So many years later, years of small triumphs and large losses, Jessie Binford, ninety, is seated in a small Blackstone Hotel room. The Blackstone again, for God’s sake? It isn’t a smoke-filled room this time. My cigar, still wrapped in cellophane, is deep in my pocket. It’s an H. Upmann—would you believe it? The old woman, looking not unlike Whistler’s Mother, is weary and in despair. The wrecking ball had just yesterday done away with Hull-House and most of the neighborhood, as well as the beloved elm beneath her window.

The boys downtown tried to buy off Jessie Binford. You can live at the Blackstone as our guest for the rest of your life, they told her. Anything to keep her quiet. She and a young neighborhood housewife, Florence Scala, were making a big deal out of this. Sshhh. But they wouldn’t shush, these two.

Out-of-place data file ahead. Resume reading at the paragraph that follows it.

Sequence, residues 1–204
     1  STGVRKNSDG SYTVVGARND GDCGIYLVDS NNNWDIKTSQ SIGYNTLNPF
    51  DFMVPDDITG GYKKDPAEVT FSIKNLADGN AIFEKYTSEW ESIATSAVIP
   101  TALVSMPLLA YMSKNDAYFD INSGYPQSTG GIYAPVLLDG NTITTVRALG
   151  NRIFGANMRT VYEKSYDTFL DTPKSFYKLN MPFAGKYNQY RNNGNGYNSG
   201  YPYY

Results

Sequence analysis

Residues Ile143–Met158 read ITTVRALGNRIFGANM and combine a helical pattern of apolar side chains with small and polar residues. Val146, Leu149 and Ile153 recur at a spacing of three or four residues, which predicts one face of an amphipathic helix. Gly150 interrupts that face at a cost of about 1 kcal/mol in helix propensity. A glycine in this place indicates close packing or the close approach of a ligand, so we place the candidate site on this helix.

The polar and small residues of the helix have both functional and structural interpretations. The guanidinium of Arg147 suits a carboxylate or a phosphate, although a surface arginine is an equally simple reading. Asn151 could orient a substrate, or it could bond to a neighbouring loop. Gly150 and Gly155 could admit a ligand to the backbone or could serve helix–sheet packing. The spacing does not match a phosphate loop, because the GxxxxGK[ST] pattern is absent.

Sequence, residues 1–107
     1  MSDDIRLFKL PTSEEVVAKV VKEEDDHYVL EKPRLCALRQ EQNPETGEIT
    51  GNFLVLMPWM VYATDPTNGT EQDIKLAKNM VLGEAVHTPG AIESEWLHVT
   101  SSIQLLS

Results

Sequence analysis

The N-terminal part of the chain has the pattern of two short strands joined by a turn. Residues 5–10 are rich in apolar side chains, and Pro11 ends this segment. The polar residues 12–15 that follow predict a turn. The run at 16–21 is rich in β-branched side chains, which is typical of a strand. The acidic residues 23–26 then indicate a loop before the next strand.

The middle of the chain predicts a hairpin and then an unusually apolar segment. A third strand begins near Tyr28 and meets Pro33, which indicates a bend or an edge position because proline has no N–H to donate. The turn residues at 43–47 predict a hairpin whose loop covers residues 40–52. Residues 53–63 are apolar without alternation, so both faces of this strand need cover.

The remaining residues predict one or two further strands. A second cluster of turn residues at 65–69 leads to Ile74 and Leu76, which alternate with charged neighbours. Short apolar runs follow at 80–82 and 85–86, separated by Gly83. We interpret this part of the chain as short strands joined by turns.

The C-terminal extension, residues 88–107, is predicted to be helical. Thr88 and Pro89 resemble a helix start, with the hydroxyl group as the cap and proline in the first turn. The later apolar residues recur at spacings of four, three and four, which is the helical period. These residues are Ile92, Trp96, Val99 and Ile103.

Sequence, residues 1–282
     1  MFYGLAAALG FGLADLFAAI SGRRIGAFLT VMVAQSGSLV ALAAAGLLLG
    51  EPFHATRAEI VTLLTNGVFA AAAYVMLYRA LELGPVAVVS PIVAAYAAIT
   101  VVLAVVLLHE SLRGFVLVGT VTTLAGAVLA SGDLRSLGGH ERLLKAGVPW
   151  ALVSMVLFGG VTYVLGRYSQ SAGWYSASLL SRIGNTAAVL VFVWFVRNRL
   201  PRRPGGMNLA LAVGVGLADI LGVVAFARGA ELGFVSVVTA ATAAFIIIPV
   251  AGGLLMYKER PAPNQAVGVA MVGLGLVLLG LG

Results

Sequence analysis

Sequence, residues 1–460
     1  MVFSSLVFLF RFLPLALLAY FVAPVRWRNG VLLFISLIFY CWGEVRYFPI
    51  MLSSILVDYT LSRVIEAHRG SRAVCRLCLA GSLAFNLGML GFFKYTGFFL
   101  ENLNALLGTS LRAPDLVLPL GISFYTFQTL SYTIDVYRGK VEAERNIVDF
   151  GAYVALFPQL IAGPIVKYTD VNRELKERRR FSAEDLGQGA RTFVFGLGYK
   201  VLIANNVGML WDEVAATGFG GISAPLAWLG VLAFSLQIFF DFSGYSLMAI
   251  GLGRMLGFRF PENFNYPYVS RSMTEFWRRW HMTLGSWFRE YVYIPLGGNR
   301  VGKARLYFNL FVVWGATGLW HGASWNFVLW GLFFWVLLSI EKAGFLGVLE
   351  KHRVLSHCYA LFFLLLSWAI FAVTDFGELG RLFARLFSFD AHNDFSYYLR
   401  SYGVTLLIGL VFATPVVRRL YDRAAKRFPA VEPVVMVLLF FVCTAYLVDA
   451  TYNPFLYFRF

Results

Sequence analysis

These two.

Florence Scala, first-generation Italian-American. Her father, a tailor, was a romantic from Tuscany. He was a lover of opera, of course, especially Caruso records, even the scratchy ones. He had astronomy fever, too, though his longing to visit the Grand Canyon transcended his yen to visit the moon. He was to make neither voyage. The neighborhood was his world and that was enough.

For Florence, her father’s daughter, the neighborhood reflected the universe, with its multicolors, its varied immigrant life, its circumambient passions.